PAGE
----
Although I am an aficionado of military history and had read a few books about World War I when I was younger, my focus on war and military campaigns has been on the Great War’s “sequel,” World War II. Part of it, of course, is that the conflict that engulfed the world between 1939 and 1945 occurred within my parents’ lifetime and thus closer to my frame of reference. (My parents were young when World War II began in 1939; my father was weeks away from his 20th birthday when Germany invaded Poland on September 1, and my mother was almost 11) My older half-sister Victoria was born almost five years after Nazi Germany and Imperial Japan were vanquished in 1945, whilst I came along almost 18 years after V-E and V-J Days. Mom didn’t talk much about growing up in Colombia during the war, but like everyone alive at the time, she and her family were touched by it in one way or another.
The other reason, obviously, is that as a kid born at the tail end of the Baby Boom generation, I grew up watching Hollywood renditions of World War II on TV as well as in movie theaters. The first movie I remember watching at a movie theater (in Bogota, Colombia) was John Sturges’ The Great Escape: the first “grown-up book” I read as a lad of six was an excerpt of Cornelius Ryan’s The Longest Day. So, for 50 years or more, World War II has dominated my studies of war and history in general, not just because that conflict is more compelling to readers and watchers of films and documentaries because its origins are less ambiguous, and its moral imperatives are clearer and easier to understand.
But as I grow older – and hopefully a bit wiser – I have noticed one important fact: If we are to understand why the modern world is so messed up now, why the 20th Century is a catalog of armed conflict, world power rivalries, and bitter hatred between nationalities and ethnic/religious groups, we must study and understand the Great War and its consequences.
A World Undone: The Story of the Great War, 1914 to 1918 is the first book in a loose duology about World War I. G.J. Meyer’s follow-on book, The World Remade: America in World War I focuses on the United States and President Wilson’s unsuccessful attempts to mediate a peaceful solution to the conflict in 1914, his Administration’s lip service to neutrality, and the various crises and policies – on both sides of the Atlantic – that led to American intervention “over there.” (Though the books are thematically linked, Meyer wrote them in such a way that you can read one without necessarily reading the other, although A World Undone only covers the highlights of U.S. involvement in the Great War and has to dispense with in-depth coverage of topics such as the Committee for Public Information, the “Four Minute Men,” and the suppression of civil liberties on the home front from 1917 to Armistice Day 1918.)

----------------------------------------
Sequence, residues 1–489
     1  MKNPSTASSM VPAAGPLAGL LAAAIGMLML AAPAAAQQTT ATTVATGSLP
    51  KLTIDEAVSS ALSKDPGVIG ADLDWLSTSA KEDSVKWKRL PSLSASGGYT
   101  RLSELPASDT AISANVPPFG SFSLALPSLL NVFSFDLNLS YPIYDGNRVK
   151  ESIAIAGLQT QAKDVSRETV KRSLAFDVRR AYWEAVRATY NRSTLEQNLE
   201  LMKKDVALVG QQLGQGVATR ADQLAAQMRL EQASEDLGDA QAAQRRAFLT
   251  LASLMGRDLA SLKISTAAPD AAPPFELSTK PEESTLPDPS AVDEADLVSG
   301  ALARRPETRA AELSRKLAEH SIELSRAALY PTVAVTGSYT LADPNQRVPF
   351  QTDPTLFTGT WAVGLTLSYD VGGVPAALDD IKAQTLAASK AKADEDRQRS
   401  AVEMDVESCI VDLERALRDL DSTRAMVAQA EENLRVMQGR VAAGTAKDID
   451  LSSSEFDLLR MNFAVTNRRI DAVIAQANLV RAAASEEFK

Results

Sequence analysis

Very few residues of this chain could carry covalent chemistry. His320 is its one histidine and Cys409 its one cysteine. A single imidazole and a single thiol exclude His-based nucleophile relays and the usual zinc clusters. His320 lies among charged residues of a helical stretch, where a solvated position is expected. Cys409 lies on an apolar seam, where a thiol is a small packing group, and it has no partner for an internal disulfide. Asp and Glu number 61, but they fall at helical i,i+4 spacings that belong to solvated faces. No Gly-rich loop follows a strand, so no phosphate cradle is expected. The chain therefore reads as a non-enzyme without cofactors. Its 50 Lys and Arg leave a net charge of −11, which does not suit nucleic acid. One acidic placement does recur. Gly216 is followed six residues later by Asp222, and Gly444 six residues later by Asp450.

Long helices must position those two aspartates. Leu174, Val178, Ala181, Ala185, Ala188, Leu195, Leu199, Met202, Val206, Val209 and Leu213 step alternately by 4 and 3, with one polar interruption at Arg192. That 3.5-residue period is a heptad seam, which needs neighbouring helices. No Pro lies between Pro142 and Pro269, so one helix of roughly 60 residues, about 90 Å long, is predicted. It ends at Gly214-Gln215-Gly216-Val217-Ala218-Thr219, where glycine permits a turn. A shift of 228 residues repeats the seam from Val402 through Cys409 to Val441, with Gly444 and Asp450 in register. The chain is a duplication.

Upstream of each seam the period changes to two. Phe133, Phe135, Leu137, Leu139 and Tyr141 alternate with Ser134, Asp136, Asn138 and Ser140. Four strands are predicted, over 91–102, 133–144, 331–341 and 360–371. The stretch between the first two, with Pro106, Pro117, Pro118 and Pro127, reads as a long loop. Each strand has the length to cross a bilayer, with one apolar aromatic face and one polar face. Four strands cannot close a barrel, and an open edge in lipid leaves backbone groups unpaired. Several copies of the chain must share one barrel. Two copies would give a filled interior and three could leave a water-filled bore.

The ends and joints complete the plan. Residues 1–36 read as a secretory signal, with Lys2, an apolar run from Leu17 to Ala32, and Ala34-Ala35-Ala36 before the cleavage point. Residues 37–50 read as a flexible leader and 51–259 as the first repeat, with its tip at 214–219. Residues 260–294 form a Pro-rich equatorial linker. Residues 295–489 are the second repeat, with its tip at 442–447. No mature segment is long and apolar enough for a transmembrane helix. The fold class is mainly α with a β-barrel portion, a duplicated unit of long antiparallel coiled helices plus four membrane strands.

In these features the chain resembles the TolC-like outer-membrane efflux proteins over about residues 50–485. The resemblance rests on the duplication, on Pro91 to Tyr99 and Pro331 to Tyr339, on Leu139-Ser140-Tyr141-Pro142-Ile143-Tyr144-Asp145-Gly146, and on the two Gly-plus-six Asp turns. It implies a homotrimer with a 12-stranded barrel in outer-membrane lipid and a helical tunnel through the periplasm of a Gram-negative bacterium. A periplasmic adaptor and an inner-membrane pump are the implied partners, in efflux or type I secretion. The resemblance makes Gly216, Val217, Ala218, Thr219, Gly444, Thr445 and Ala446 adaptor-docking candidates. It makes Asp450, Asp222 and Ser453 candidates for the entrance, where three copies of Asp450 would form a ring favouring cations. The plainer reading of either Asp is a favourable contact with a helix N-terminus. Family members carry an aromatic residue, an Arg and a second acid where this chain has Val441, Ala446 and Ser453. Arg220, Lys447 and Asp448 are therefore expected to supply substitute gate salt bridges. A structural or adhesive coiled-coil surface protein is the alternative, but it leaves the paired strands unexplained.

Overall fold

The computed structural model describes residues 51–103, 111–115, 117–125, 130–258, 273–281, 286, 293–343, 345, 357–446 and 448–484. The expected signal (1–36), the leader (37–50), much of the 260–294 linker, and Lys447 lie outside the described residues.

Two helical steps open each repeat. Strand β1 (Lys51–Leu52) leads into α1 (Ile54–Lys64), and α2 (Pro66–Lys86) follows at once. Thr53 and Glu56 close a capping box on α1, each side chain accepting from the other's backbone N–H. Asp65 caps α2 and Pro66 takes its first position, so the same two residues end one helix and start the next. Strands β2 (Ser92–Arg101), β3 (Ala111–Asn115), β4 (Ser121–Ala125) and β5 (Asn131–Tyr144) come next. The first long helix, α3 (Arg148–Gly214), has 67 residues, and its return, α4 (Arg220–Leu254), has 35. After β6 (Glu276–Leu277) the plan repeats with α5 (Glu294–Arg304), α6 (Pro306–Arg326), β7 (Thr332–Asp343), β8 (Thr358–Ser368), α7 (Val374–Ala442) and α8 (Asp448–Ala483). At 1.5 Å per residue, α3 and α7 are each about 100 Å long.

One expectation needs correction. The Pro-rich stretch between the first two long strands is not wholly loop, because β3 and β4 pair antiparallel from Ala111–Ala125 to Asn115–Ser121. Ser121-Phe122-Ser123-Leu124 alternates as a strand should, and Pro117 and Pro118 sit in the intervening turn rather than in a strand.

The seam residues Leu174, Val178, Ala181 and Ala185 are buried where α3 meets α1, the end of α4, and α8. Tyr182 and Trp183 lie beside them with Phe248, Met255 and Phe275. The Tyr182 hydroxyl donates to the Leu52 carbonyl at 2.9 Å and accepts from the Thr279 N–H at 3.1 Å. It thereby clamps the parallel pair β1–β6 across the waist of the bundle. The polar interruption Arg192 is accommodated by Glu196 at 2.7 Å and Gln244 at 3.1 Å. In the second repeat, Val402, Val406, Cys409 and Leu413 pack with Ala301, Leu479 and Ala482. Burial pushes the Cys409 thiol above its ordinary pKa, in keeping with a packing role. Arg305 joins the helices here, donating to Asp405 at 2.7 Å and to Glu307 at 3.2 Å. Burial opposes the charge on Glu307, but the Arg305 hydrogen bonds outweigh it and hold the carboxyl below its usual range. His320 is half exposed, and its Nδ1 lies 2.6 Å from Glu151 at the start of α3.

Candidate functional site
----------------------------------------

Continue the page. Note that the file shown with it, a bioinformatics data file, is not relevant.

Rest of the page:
Meyer, a former journalist and a professor who has taught history at several post-secondary schools in the U.S., does an excellent job of making this sadly obscure and badly neglected conflict come alive. It is a one-volume history, and as such, you won’t find every single skirmish of the Great War in its pages. However, Meyer has a good eye for detail and a sharp analytical mind that delves not just into the dry minutiae of grand strategy and modern warfare in the early 20th Century, but also into the personalities and worldviews of the civilian and military leaders on both sides of the trenches.
Every so often, Meyer will interrupt the main narrative of A World Undone with interstitial chapters labeled Background. These Background detours focus on specific individuals or nation-states and give readers detailed personality profiles of major figures or overviews of each combatant nation’s viewpoint or strategic goals. The reader then gets a better grasp on the events and personalities that shaped the way the war was waged, and why the peace that followed the “war to end all wars” was so hollow and full of bitterness, even among the victorious Allies.
The book is excellently written and fast-paced. It explodes the prevailing myth that the subject is boring because World War I, at least on the infamous Western Front, was a mostly static version of siege warfare. It is a work that covers the Great War from the perspective of the various warring nations, and Meyer’s clear, crisp, and convincing prose makes it easier for even the newest visitor to this topic to read and follow.
So, if you want to understand why the Middle East conflict that still ongoing today is the result of secret compacts such as the Sykes-Picot Accord of 1916 and the public Balfour Declaration of 1917, or how the Balkans Wars of the 1990s had their seeds planted in the events of June 1914, read A World Undone: The Story of the Great War, 1914 to 1918.
I have the paperback edition, which was published by Bantam Books in March of 2007.
3 thoughts on “Book Review: ‘A World Undone: The Story of the Great War, 1914 to 1918’”
This is right up my ally. Hope I don’t have to wait for my next incarnation to read it.
Great, detailed analysis, as always.
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Thank you for checking out my review! I, too, hope you read the book in this lifetime and not the next.